Foreclosure data nationally is not yet available for the most recent quarter.  But there are major trouble signs. According to the Federal Housing Finance Agency’s latest available data, the number of initiated forbearance plans leaped from 165,431 in March to 989,594 in April. The Enterprises Foreclosure Prevention Actions completed 16,738 foreclosure prevention actions in April alone. Around 3.5% of all mortgages in the U.S. were delinquent by 30-59 days as of the end of April.

With many businesses now closed down for five months and others operating on only a a limited scale, the situation is only likely to get worse, particularly with federal aid running out.

During the last major recession, from 2007 to 2012, San Diego County alone had over 140,000 defaults on home mortgages, representing 12% of all housing units countywide.  More than 67,000 homes were sold in foreclosure sales in San Diego County during that period, according to data provided by Limon’s staff.

“There is no doubt that cutting unemployment benefits at the federal level will have an impact on Californians,” says Limon. “I think the month of September will be very difficult because we know that Congress isn’t going back until September.”

She adds, “We know from the California Judicial Council that eviction protections will basically end on September 1, so the Legislature is under pressure to start something because evictions could start September 2.  In a time of a pandemic, you’re talking about tenants being on the street. More people losing homes causes health problems and economic problems….Every month we continue to deal with the health pandemic, while small business owners and individuals continue to have a hard time.”

Despite the critical need, Limon acknowledges, “The bill is expected to be difficult every single step of the game…I can tell you that the Senate, the Assembly, and the Governor’s office are all involved in conversations related to tenants and mortgage forbearance.”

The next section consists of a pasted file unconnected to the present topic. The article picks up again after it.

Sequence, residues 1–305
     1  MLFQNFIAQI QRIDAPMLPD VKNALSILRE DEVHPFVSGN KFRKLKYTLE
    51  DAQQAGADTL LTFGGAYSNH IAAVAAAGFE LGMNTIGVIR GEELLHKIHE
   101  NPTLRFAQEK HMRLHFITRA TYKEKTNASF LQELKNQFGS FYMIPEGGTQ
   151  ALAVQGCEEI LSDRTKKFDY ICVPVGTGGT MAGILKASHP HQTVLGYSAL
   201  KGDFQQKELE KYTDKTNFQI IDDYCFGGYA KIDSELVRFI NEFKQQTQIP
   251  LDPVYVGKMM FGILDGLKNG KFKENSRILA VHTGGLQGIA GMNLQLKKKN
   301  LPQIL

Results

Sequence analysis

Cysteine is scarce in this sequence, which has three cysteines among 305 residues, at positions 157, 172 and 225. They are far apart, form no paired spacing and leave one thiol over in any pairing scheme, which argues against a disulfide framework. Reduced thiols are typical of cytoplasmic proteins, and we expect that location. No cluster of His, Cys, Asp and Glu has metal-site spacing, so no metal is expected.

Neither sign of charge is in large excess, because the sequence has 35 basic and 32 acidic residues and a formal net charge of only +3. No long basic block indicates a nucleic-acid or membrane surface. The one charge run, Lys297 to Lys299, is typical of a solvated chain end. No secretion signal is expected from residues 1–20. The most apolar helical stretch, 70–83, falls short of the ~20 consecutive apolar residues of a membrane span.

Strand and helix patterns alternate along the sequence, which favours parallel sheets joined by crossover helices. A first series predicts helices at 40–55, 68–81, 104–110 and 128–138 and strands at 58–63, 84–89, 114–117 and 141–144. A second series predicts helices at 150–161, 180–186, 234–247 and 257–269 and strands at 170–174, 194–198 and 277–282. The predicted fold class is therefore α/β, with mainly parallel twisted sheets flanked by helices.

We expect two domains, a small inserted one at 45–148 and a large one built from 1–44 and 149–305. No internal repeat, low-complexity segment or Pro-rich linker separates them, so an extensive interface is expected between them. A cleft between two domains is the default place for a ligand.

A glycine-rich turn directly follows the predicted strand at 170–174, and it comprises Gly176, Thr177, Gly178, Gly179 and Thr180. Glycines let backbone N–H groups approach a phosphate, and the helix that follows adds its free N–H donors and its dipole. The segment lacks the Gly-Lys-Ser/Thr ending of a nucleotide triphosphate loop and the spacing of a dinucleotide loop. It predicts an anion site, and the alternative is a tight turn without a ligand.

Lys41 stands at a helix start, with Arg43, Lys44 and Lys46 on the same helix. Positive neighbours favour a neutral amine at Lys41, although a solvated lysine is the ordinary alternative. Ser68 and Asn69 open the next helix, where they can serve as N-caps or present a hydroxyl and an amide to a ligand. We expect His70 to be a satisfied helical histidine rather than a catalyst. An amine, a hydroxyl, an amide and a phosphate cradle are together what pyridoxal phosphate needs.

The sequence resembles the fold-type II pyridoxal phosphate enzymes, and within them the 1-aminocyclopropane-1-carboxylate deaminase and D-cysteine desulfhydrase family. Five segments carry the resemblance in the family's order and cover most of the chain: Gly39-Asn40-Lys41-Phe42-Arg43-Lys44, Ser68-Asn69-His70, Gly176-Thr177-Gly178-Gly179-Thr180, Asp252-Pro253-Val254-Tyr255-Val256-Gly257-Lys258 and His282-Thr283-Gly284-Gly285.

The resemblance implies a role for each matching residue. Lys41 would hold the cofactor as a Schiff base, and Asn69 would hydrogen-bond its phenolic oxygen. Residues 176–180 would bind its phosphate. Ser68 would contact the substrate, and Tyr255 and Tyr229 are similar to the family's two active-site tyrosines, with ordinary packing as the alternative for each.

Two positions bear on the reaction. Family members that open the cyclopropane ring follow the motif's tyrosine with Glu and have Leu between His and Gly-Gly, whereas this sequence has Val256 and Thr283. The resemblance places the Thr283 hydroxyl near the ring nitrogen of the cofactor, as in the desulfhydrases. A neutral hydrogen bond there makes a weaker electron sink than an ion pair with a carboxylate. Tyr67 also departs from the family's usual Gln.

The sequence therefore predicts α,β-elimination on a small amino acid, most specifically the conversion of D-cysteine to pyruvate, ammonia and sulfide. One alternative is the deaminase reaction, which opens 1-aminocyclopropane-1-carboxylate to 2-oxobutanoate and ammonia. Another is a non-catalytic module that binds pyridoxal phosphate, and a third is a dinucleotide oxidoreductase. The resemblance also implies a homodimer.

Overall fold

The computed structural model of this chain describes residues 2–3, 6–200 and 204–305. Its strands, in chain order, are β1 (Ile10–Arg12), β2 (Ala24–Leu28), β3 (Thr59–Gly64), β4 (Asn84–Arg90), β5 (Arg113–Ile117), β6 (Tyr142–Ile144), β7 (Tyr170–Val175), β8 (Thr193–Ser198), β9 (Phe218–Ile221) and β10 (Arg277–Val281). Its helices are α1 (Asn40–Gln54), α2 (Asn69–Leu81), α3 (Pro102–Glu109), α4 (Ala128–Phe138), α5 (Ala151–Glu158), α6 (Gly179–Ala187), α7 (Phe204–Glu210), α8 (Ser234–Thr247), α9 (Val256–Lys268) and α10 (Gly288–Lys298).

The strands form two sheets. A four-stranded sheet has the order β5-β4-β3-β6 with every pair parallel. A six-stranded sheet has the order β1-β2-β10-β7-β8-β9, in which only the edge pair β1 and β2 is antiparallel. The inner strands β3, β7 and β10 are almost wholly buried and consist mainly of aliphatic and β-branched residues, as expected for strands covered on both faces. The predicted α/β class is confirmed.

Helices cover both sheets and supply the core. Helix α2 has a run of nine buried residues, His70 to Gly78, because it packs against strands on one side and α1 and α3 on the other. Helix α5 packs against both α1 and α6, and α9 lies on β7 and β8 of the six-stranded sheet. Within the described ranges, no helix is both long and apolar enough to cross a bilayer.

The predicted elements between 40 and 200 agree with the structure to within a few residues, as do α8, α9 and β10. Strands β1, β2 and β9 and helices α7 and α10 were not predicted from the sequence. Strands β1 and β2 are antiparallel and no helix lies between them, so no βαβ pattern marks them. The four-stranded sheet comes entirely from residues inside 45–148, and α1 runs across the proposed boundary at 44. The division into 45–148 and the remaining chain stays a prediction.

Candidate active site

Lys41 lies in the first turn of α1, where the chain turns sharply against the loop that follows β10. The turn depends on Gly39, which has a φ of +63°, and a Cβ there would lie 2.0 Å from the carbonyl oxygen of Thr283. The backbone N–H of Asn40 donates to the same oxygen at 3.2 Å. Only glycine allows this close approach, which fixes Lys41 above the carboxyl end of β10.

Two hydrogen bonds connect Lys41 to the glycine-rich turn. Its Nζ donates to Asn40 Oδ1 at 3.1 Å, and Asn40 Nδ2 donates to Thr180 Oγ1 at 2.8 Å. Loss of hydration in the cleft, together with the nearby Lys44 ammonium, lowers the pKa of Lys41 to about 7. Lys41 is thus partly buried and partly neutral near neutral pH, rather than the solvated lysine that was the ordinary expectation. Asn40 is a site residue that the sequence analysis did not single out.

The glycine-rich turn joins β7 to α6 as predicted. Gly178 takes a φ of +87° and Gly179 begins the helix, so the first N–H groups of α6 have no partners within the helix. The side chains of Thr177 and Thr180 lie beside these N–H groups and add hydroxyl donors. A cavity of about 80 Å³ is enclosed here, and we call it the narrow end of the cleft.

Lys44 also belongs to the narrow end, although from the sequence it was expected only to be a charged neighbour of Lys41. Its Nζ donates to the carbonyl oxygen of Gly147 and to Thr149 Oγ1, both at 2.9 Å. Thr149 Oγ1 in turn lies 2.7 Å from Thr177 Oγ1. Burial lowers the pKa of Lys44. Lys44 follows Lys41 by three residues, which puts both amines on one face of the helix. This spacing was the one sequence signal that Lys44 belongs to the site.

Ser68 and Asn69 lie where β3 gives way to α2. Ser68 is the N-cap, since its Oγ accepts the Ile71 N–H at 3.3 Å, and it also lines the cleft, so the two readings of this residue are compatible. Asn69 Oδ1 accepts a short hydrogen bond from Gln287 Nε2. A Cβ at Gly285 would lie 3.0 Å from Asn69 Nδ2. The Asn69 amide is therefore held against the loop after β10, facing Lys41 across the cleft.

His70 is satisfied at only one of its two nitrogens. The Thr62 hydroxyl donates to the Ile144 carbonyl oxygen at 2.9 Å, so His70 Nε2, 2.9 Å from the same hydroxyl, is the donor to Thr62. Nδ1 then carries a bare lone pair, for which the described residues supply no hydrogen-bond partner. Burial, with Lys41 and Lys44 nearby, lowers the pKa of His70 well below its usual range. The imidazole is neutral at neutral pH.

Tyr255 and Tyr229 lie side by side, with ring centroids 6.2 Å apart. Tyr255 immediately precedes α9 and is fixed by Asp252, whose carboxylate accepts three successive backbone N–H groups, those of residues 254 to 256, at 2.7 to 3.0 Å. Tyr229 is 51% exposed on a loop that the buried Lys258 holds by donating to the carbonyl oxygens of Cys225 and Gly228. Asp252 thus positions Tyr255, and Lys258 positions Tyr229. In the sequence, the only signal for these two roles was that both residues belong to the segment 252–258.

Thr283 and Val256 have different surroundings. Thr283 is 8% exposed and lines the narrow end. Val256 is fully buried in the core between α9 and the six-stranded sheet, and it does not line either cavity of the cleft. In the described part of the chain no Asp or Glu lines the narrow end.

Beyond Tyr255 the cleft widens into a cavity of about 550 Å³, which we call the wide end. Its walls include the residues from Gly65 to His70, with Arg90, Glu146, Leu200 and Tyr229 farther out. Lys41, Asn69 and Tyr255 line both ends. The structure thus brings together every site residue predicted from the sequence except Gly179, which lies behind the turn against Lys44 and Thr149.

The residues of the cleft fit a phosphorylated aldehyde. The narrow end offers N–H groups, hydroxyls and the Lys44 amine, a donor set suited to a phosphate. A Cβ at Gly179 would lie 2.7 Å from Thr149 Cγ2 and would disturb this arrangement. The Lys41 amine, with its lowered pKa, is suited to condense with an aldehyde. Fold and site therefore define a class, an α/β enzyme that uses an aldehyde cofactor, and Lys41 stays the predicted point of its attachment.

The bill is supported by consumer and renters’ groups, as well as the California Apartment Association. It is opposed by some Chambers of Commerce and the California Realtors Association as well as the banking industry.

If the bill makes it out of the Senate Judiciary committee, it would then to the Senate Appropriations Committee, followed by the full Senate, then back to the Assembly for an up-or-down concurrence vote.

Among San Diego’s legislative delegation, Assemblymembers Shirley Weber, Todd Gloria and Lorena Gonzalez voted in support on an earlier version of the mortgage protection measure, while Assemblymembers Randy Voepel and Marie Waldren voted against. Tasha Boerner Horvath and Brian Mainscheim did not vote.

If the measure makes it to the full state Senate, San Diego Senators Toni Atkins, Pat Bates, Ben Hueso and Brian Jones would have an opportunity to weigh in.

You can reach any of these legislators using the contact info on our website at

“The regular session of the Legislature ends August 30th. We will either do something about this, or we don’t. If we don’t, what happens to Californians in need?” Limon asks.  Those Californians can’t afford to wait until January, when the Legislature is slated to intervene, she concludes.  “There is an urgency to this.”

Miriam Raftery, editor and founder of East County Magazine, has over 35 years of journalism experience. She has won more than 350 journalism awards from the Society of Professional Journalists, San Diego Press Club, and the American Society of Journalists & Authors. Her honors include the Sol Price Award for responsible journalism and three James Julian awards for public interest reporting from SPJ’s San Diego chapter. She has received top honors for investigative journalism, multicultural reporting, coverage of immigrant and refugee issues, politics, breaking news and more. Thousands of her articles have appeared in national and regional publications.